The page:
|Originally Performed By||Phish|
|Historian||David Steinberg (zzyzx)|
Moroccan-born Guy Forget began playing pro tennis in 1982, making a name for himself that many enthusiasts of the game won’t soon... Oh, skip it.
Mike Gordon’s “Catapult,” was actually dreamed up by the occasional writing duo of Trey Anastasio and Dave Abrahams. Coming out of an especially fruitful night at the Rhombus with Tom, Daubs, and Pete (the songs “Pyromaniac” and “Girlfriend Named Bubba” were also composed that evening, also known as Tom’s bachelor party), Trey and Dave came up with this amusing song-pun on one of the most memorable names in sports history.
The tune itself cryptically dots a few 1993 soundcheck setlists: 2/22/93, 2/23/93 and 3/17/93. It also appears quickly in the “You Enjoy Myself” vocal jam on 12/28/92. However, for many years the only “official” version of “Guy Forget” to yet grace the stage occurred in Phoenix on 10/1/00, sung over a post-”Piper” jam, before flowing into “When the Circus Comes.” This version was popular enough that it appeared as bonus footage on the Live in Vegas DVD.
One question has remained about the Phoenix version of the song. While the chorus was quite identifiable, the words sung before it were hard to make out. The mystery was resolved in 2003.
Tom Marshall was posting to the Phantasy Tour message boards and was asked what the worst lyric he ever wrote was. Apparently Tom wrote a poem (“a dreadful thing that was never meant to see the light of day”) that Trey absolutely loved. They were immediately put into a song much to the ire of Fishman. Jon ranted about how bad the lyrics were to the point where this became a running joke. Trey would constantly pretend to put these lyrics into a song just to annoy him. While Tom was willing to admit that the final line of the song (“Or will I dance on grave”) appeared in “Mock Song,” it took some work to finally have him admit to the entire lyric. The “official” all-time worst lyric penned by Tom Marshall turned out to be:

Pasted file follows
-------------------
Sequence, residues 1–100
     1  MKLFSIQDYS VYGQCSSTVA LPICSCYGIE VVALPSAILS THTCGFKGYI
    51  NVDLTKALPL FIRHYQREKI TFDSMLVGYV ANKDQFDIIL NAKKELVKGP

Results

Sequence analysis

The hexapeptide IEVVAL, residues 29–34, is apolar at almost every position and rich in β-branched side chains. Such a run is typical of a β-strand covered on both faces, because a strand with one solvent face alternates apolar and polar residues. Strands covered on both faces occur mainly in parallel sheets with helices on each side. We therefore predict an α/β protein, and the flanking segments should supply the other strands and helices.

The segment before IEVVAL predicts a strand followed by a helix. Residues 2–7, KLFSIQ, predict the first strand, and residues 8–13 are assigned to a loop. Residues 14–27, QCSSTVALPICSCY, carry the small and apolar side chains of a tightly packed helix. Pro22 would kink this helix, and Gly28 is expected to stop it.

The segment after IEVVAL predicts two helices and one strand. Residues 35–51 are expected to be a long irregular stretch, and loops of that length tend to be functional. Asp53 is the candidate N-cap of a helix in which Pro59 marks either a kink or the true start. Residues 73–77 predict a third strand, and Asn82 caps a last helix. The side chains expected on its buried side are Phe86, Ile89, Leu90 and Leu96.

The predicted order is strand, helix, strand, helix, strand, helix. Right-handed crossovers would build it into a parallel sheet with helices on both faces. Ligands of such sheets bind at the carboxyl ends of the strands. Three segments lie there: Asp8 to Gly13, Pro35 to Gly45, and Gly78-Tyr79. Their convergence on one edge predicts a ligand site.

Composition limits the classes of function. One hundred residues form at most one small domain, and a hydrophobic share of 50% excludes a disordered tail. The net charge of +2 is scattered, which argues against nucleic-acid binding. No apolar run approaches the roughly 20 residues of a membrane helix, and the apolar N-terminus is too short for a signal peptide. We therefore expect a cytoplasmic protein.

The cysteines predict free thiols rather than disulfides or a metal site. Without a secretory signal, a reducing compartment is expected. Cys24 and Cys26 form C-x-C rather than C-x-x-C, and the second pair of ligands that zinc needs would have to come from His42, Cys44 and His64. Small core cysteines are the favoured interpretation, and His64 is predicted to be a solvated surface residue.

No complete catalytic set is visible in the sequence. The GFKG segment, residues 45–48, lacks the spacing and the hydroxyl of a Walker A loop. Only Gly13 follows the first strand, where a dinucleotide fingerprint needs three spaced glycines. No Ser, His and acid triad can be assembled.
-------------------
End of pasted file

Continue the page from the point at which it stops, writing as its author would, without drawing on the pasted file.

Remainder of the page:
Basking in the silence
Soaking up the violence
Will the good lord save?
Or will I dance on grave?
Pull out your copy of Live in Vegas and listen around the 11-minute mark of the “Piper.” The first two lines are transposed, but those are clearly the lyrics. Check out the looks that Trey gives Fishman after every line. Phish might not be as silly as they used to be, but they can still get away with referencing inside jokes in front of thousands of people with none of us being the wiser.
If you just love those lyrics, they also can be found in the 4/25/93 “I Didn’t Know,” where Trey says that Jon would ask the “eternal musical question,” of, “a) Will the good lord save? and b) Will I dance on grave?” That’s asking quite a bit out of a washboard solo, but Fishman tries his best.
Despite the lyric, “Guy Forget” was never quite forgotten. He first reemerged in the town some call Chuckville on 10/16/10, once again in a vocal jam. That was just a tease though. It took the magic of Commerce City (9/4/11) for our memories to be completely jogged. As a “Ghost” jam raged, Fishman started singing the sacred name. This led to a complete singing of the lyric over the jam. It’s a more energetic arrangement which eventually winds back into “Ghost,” in which a secret is revealed: “And now you all know / who the ghost really is / the ghost is / Guy Forget.”
These two “full” versions have one odd thing in common. “Guy Forget” is the only song played more than once that is exclusive to the Mountain Time Zone. Apparently Forget likes to train at altitude.
A Tribute to Guy Forget
Phish.net is a non-commercial project run by Phish fans and for Phish fans under the auspices of the all-volunteer, non-profit Mockingbird Foundation.
This project serves to compile, preserve, and protect encyclopedic information about Phish and their music.
The Mockingbird Foundation is a non-profit organization founded by Phish fans in 1996 to generate charitable proceeds from the Phish community.
And since we're entirely volunteer – with no office, salaries, or paid staff – administrative costs are less than 2% of revenues! So far, we've distributed over $750,000 to support music education for children – 210 grants in 43 states, with more on the way.